Many of Willanís church works were written for St. Mary Magdalene. Prominent among these are the fourteen settings of the Missa Brevis (no Credo) that Willan wrote between 1928 and 1963. These were written so as not to impede the flow of the service and are not only brief, but written for unison voices and with individual sections bound to each other by simple motifs. The Missa Brevis No. XI (Mass of St. John the Baptist) is the most complex of the fourteen, but contains the same basic features as the rest. The Elora Festival Singers are well suited to this music. One hates to use the term "angelic voices" but in the Sanctus and the Benedictus this term really applies to their performance. The acoustic at St. Johnís in Elora adds to the performance, almost as if Willan had known the church when writing this piece. It may be said that the key to performing Willanís church music is to balance the mystical and the simple. Noel Edison and the Festival Singers get that precise balance in the first three sections of this mass. The Agnus Dei is somewhat more sophisticated than the previous sections, but the performers maintain the high level of the earlier sections and in the final statement of the Agnus Dei exceeds what has come before.

With all of the masses and anthems mentioned above we should not think that Willan neglected the motet as a form. Indeed he wrote more of them than almost any other sacred type. There are a number on this disc, both liturgical and otherwise. Willan saw the motet as a more intimate form of religious expression than the anthem and many of his motets are if not small in feeling, brief and hushed in their atmosphere. The earliest motet on this disc is the O How Glorious of 1924. This was written when Willan had settled in to his post at St. Mary Magdalene and was seeking to give the words more emphasis in the sacred music that he wrote. This brief antiphon is beautifully sung, especially by the ladies of the Festival Chorus, who again are helped by the acoustic of the church.

O how Glorious is followed by three of the eleven Liturgical Motets written mostly in the íthirties. These works show the composerís increased harmonic skill and the perfection of the previously-mentioned balance between simplicity and mystic awe. Among the three are what is probably Willanís best-known choral work, Rise up my love, written in 1929, which is indeed a masterpiece of simplicity and reverence. Yet the other two motets from the series recorded here: Preserve us, O Lord and O King all Glorious are both equally worthy of attention. They demonstrate the same simple, almost childlike sincerity combined with great polyphonic ability and almost Russian "choral orchestration" - Willan was very fond of Russian church music - but above all melodic ability. The earlier How They Softly Rest shows that even before his style had crystallized Willan knew a great deal about how to get the maximum sound from even the smallest choir. This is also seen in the remaining works on the disc.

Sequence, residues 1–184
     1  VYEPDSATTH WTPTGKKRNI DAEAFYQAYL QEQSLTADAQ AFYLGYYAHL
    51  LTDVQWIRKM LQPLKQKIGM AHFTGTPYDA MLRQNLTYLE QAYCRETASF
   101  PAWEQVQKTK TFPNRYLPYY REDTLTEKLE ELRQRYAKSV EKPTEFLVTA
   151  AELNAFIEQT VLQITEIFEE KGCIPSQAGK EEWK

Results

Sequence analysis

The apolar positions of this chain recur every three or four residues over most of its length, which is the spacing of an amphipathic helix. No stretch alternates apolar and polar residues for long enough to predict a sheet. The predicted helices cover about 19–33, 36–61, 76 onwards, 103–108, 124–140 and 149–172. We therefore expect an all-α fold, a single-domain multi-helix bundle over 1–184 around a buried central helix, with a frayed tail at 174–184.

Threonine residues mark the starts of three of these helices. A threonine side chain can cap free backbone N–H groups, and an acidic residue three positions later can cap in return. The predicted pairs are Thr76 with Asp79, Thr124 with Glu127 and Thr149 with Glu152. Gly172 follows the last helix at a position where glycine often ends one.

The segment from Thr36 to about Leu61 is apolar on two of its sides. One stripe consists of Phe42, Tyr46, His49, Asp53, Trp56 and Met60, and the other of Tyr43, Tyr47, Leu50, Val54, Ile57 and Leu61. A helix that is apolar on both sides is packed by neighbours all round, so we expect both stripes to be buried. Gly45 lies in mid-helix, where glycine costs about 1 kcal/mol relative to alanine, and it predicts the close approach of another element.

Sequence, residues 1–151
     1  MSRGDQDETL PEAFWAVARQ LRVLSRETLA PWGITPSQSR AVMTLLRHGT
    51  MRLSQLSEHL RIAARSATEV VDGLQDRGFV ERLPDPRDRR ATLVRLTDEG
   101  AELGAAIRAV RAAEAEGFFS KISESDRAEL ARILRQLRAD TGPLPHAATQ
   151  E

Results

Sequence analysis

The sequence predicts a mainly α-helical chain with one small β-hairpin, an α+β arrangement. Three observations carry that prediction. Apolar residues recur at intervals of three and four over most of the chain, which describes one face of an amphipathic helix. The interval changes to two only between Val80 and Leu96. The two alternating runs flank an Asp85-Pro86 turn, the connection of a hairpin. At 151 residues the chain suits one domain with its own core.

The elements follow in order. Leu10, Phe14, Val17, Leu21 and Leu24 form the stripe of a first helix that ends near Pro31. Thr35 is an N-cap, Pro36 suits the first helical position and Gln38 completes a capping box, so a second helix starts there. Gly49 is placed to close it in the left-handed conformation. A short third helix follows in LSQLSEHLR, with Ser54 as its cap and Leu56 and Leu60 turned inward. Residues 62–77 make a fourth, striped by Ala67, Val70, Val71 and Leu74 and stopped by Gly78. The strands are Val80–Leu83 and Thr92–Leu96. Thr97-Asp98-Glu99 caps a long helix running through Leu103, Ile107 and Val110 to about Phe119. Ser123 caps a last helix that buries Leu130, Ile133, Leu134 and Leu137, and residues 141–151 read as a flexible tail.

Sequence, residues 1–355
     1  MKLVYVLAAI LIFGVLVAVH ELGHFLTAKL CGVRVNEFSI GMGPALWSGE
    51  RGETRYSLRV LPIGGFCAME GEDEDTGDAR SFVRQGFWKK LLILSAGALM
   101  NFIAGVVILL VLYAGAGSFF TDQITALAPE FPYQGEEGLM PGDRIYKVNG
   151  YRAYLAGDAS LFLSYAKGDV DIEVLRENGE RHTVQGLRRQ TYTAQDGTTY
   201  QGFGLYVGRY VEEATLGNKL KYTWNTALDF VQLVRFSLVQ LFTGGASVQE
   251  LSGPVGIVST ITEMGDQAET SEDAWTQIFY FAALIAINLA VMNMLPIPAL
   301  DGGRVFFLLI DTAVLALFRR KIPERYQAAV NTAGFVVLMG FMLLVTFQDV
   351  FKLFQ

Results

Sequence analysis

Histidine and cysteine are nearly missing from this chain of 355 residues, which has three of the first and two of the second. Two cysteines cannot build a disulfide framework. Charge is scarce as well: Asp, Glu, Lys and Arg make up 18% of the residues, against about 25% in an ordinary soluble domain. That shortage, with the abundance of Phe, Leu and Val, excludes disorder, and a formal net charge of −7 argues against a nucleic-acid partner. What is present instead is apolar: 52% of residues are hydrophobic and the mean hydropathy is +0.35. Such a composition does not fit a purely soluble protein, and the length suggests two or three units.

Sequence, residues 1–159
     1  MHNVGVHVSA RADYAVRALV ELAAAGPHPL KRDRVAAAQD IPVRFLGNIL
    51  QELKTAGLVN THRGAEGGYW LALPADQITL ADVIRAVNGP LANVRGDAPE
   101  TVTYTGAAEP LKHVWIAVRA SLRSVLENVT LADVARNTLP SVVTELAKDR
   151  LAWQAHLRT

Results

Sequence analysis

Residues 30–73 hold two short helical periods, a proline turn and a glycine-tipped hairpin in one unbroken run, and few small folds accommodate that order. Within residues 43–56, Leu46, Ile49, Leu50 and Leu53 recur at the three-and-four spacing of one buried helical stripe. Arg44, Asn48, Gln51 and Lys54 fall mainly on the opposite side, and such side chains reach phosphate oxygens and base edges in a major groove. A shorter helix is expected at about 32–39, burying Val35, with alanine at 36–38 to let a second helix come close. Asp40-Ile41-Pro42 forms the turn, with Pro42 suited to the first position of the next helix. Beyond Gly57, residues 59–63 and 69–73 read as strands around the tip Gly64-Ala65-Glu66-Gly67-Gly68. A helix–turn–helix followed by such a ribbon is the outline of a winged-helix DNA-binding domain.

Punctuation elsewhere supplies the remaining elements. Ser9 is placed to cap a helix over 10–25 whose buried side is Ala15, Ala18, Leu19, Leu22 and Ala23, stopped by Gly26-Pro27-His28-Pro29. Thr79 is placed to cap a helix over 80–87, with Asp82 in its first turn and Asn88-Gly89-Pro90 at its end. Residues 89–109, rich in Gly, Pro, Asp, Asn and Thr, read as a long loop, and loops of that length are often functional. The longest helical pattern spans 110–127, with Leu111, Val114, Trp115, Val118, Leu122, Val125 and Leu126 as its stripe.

Those who are familiar with the above-mentioned Willan records from Canadian EMI, especially the two under Robert Hunter Bell in St. Mary Magdalene itself will find the Elora sound to be to be a lighter, fleeter one than they are used to. St. Johnís Church also reflects more of the sound than St. Mary Magdalen, which produces a less compelling effect. But the Elora Festival Singers can match those at St. Maryís in terms of their commitment to the music and in the sense of reverence, almost awe that they bring to many of the works on this disc. Noel Edison excels in the antiphonal and divided parts of Willanís works, but all the works receive the attention they deserve. He is ably assisted by Mathew Larkin. An additional plus about this disc are the liner notes by Gavin Bryant, Willanís successor at St. Mary Magdalene and author of the Healey Willan Catalogue.

William Kreindler

see also review by Jonathan Woolf June BARGAIN OF THE MONTH